8. ‘You Can’t Always Get What You Want’
"You Can't Always Get What You Want" began its life as a simple ditty Mick Jagger played on the acoustic guitar – but once the band entered Olympic Studios in 1968 to record Let It Bleed, it morphed into something else altogether. Organist Al Kooper and the London Bach Choir were recruited to flesh out the song, and the end result is a sing-along classic that rivals the Beatles' "Hey Jude." "People can identify with it," Jagger told Rolling Stone in 1995. "No one gets what they always want. It’s got a very good melody. It’s got very good orchestral touches that Jack Nitzsche helped with. So it’s got all the ingredients."
7. ‘Can’t You Hear Me Knocking’
Sticky Fingers was a very important album for the Rolling Stones. It was their first disc after Brian Jones left the band and their first full-length LP with his replacement, Mick Taylor. It instantly crushed any doubts that the group was going to struggle without their founding member. It's packed so full of hits that it's easy to overlook the seven-minute epic "Can't You Hear Me Knocking," though over the years, it has emerged as a huge fan favorite.
According to Mick Taylor, the jam at the end was a totally spontaneous moment that the band nailed in a single take. The song sat dormant for a great long time, but in 2002, it began making regular appearances in the setlist.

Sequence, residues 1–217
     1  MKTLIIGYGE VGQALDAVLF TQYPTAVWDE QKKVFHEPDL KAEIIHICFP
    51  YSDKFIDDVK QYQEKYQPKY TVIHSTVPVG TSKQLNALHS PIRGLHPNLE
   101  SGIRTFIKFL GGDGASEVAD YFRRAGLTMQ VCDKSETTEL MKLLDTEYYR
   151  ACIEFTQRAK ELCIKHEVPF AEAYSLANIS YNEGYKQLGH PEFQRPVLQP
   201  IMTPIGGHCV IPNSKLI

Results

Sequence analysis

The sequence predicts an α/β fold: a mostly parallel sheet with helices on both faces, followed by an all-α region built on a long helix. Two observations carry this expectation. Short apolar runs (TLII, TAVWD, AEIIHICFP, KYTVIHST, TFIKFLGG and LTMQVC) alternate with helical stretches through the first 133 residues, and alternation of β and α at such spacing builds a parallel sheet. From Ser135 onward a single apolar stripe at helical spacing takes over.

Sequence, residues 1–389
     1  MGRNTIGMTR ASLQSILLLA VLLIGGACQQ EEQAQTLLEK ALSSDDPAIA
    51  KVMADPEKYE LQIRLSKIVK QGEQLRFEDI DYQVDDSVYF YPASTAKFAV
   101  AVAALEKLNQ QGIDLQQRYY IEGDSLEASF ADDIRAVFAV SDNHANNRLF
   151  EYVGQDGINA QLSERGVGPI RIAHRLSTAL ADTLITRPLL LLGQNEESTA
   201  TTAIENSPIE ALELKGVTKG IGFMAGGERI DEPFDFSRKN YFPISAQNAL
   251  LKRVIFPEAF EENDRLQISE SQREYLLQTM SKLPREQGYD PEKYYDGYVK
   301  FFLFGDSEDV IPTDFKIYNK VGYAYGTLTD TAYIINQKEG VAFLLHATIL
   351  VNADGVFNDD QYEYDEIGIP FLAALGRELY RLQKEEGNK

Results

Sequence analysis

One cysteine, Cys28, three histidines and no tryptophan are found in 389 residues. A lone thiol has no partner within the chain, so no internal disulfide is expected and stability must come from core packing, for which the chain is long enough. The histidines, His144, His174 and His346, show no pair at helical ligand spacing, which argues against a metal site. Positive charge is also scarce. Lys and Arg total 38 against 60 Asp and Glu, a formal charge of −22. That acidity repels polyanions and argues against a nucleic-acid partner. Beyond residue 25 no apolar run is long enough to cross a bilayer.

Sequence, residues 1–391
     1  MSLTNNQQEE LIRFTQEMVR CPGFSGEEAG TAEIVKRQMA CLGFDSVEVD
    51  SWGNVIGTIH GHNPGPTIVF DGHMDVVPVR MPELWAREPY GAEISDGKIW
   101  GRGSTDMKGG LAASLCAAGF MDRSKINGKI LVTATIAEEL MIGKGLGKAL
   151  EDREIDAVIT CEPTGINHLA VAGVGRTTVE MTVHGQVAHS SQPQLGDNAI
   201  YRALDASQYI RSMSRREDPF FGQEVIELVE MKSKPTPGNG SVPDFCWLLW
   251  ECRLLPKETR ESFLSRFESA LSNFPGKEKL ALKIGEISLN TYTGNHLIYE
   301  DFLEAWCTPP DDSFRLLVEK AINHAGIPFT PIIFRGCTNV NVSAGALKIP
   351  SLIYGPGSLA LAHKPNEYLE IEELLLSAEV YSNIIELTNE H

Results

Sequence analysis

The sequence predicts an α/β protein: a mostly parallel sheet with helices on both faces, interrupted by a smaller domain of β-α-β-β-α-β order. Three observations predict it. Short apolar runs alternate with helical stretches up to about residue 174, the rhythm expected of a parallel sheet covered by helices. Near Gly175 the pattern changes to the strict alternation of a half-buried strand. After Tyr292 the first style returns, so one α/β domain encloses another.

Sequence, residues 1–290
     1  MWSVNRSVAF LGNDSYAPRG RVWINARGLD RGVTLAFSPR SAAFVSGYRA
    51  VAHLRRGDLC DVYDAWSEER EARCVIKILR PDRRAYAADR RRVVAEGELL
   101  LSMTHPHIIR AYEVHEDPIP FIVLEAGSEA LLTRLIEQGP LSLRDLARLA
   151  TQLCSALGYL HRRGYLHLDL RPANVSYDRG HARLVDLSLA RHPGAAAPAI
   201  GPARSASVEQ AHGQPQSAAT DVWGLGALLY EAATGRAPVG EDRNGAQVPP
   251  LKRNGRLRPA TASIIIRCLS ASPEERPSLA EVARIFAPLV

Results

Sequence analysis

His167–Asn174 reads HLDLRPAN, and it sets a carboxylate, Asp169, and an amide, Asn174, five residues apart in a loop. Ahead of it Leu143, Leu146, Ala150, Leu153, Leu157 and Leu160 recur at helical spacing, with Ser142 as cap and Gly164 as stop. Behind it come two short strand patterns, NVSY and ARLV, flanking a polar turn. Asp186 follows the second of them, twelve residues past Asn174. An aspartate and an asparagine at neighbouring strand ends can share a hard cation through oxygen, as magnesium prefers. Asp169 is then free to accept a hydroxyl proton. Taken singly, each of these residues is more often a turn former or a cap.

6. ‘Jumpin’ Jack Flash’
After the failed experiment of 1967's Their Satanic Majesties Request, the Rolling Stones knew it was time to return to a more basic rock sound. The "Jack" in this song is actually Keith's old gardener, Jack Dyer; Jagger crashed at Keith's place one night and the sound of Dyer walking around in his rubber boots woke Mick up. He asked Keith about the noise. "Oh, that's Jack. That's Jumping Jack." From that tiny spark, they sat down together and wrote one of their biggest hits.
In many ways, the track launched a whole new phase of the band's career. A crappy follow-up to Their Satanic Majesties Request could have easily sent the band into a downward spiral, but they bounced back in a bigger way than almost anyone could have imagined possible.